Even though I lived through it (and saw a lot of the movies), it’s still hard to believe there was a time when Jan-Michael Vincent was one of the biggest movie stars around. When I was nine, my parents and I were camping outside of Telluride, CO (back before the hippies, then the yuppies, discovered the place). We went into town one night and hit the local movie theater, a nice old single-screen owned by a young married couple. The movie was Disney’s The World’s Greatest Athlete, and about halfway through the flick, the projector broke down. To this day, I still remember the wife in tears, handing people their money back as we filed out. We went back the next night and everything worked great, and that was my introduction to the films of Jan-Michael Vincent.
Granted, a family film like The World’s Greatest Athlete is kind of an aberration as far as Vincent’s ouvre went at the time — he tended towards more adult fare (such as the original version of The Mechanic, 1972) and flat-out drive-in exploitation cheese, which is where I’d put Vigilante Force.
Produced by Gene (Roger’s brother) Corman and written and directed by George Armitage (best known for Miami Blues and Grosse Pointe Blank), Vigilante Force gives us a pretty good idea of what to expect right outta the gate — crazy oil field workers run amok in a small town, a chick in her underwear dances on a pool table, a guy is gunned down, a bar fight breaks out, a cop car is set on fire and shot up before exploding — and all that shit happens during the opening credits! I figured it would all be downhill from there, but Armitage never lets up for the entire running time.
With all that action out of the way, we meet Ben (Jan-Michael Vincent) as he picks up his daughter and heads for the farm equipment store he runs. There we meet his open-shirted employee Paul (Andrew Stevens). Apparently in the 70s, many men chose to parade around with their shirts hanging open or with no shirt whatsoever, because there’s a shit-ton of male torso on display in this movie.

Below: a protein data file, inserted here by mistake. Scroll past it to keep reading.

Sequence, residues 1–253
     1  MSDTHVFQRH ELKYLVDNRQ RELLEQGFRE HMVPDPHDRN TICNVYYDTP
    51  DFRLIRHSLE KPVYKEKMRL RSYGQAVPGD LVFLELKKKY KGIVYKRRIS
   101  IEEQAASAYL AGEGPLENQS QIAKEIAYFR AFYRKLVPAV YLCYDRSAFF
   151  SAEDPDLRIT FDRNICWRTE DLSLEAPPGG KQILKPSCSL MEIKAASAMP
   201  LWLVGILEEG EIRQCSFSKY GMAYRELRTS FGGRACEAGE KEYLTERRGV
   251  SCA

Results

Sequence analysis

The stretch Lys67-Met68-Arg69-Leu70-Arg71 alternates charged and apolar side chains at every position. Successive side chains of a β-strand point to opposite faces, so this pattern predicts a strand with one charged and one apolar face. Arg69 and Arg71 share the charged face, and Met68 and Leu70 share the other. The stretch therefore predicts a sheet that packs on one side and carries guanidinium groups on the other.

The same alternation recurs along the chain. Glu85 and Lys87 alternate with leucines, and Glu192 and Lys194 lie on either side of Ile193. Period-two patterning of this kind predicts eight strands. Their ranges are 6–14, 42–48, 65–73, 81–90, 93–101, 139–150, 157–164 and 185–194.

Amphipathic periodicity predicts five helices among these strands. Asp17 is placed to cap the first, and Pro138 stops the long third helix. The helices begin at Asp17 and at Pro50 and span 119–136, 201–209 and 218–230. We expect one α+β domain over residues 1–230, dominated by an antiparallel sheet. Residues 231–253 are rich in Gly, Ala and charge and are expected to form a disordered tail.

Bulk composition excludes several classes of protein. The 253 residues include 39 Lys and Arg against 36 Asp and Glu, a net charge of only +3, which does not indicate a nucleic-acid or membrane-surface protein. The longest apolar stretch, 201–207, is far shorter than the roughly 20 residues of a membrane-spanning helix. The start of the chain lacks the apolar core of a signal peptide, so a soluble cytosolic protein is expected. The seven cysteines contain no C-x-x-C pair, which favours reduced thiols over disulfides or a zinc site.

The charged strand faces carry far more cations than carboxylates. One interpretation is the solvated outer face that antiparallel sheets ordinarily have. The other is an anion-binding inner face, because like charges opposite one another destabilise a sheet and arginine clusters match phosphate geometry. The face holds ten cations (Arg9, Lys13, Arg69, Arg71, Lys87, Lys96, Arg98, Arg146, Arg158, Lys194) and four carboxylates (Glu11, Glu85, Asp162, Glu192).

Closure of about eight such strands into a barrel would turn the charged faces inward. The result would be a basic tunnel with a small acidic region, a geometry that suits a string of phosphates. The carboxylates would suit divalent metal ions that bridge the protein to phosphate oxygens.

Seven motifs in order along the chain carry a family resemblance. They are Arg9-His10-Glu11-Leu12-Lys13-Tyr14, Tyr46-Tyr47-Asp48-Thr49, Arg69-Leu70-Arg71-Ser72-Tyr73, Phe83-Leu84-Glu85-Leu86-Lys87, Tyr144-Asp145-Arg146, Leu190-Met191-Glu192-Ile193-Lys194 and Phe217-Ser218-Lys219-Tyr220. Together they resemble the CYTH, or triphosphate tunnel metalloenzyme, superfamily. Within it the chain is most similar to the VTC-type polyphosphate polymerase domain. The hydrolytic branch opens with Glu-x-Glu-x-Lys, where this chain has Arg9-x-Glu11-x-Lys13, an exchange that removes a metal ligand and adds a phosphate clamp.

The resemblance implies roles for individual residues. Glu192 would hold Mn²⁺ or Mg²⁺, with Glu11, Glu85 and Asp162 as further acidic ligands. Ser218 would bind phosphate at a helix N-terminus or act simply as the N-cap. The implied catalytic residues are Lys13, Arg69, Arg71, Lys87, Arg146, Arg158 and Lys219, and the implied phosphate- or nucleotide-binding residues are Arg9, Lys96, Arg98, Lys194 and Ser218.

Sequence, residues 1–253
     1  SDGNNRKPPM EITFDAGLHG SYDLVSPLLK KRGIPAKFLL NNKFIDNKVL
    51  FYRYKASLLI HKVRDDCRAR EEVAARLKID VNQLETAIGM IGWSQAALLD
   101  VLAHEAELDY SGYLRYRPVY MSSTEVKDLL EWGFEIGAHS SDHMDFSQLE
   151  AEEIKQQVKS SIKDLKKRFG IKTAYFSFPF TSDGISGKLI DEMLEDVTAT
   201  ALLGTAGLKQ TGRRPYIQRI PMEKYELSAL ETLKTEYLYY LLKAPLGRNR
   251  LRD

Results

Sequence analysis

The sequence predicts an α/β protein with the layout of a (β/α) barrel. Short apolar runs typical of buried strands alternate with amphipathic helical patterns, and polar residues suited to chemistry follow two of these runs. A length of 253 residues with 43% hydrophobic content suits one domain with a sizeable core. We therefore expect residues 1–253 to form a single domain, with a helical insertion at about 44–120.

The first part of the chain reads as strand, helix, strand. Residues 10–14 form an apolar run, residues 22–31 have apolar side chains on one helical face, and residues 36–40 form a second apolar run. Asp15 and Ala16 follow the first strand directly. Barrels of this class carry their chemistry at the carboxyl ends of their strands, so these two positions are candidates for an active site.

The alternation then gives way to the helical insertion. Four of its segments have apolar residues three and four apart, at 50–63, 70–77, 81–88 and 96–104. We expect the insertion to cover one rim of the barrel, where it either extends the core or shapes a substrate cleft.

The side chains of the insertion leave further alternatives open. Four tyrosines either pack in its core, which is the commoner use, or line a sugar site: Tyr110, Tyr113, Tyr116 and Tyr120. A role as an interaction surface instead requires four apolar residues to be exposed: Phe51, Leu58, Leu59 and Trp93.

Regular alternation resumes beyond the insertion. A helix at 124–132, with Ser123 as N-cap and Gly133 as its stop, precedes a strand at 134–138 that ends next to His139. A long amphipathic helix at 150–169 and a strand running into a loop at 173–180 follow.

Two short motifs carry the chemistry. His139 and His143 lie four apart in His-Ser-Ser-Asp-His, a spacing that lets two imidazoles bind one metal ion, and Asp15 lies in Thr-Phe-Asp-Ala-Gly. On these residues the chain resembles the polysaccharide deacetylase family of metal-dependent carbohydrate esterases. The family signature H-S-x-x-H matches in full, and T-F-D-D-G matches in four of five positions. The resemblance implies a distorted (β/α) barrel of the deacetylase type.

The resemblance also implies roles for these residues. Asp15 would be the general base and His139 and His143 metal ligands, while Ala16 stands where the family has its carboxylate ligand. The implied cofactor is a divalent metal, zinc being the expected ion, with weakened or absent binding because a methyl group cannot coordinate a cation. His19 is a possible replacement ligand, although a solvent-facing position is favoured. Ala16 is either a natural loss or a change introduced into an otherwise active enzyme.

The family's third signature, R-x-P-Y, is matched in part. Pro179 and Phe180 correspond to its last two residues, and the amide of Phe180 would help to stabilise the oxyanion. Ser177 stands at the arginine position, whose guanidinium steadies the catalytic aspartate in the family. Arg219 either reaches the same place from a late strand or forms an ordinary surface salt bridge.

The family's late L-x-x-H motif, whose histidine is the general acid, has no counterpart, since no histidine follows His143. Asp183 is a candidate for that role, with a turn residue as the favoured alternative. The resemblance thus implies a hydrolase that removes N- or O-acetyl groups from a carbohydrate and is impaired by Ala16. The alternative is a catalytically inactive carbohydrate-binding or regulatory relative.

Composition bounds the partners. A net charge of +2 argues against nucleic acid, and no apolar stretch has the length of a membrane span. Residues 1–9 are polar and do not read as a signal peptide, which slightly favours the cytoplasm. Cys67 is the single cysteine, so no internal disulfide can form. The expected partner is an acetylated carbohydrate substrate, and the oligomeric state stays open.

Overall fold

Before we get too comfortable with this charming scene, gunfire erupts as a battle between cops and more crazy oil field workers takes place in the street. A couple cops are shot along with a bystander or two, and the bad guys make their escape.
We cut to a square dance, where Ben talks with some of the menfolk (including David Doyle, “Bosley” from Charlie’s Angels) about the violence that’s overcome their once-peaceful little town. Shakey Malone (John Steadman, recognizable from a zillion movies), the old man who runs the diner, says “If I wanna live with degenerates I’ll move to L.A.!” They want Ben to bring his brother Aaron — “a genuine war hero” — in to help get things under control. Aaron has a bit of a shady history, it seems, but Ben agrees to give it a shot.
Ben goes to see Aaron (Kris Kristofferson), who is working as a shaggy-haired security guard at an airfield. When Ben explains the situation, Aaron tells his boss to shove it and we cut to a local watering hole, where Ben is introduced to Aaron’s buddies. These guys are all gonna be on the team — or the “Vigilante Force,” as the title might suggest. The men are sworn in as a sort of auxiliary police force. What could possibly go wrong?
Afterwards, Ben goes to see his girlfriend, Linda (a saucy young Victoria Principal) at the rooming house where she lives. Ben drinks a beer and tries to make out with Linda, but the creepy old lady who runs the place yells at him to “Stop that cheap physical groping this instant!” Ben and Linda go up to her room, where the old lady peeps through the keyhole as they roll around in the sack.
It might seem like we’ve gone four or five minutes without a fistfight or a shootout, but like I say, Armitage keeps it comin’. That night Ben takes Aaron out on the town and shows him the streets lined with troublemakers. A fight breaks out and Aaron puts a stop to it, telling the two men involved that they’re under arrest. They get in the back of Ben’s pickup, where the fight continues. They fall out and Aaron cleans both their clocks for ’em.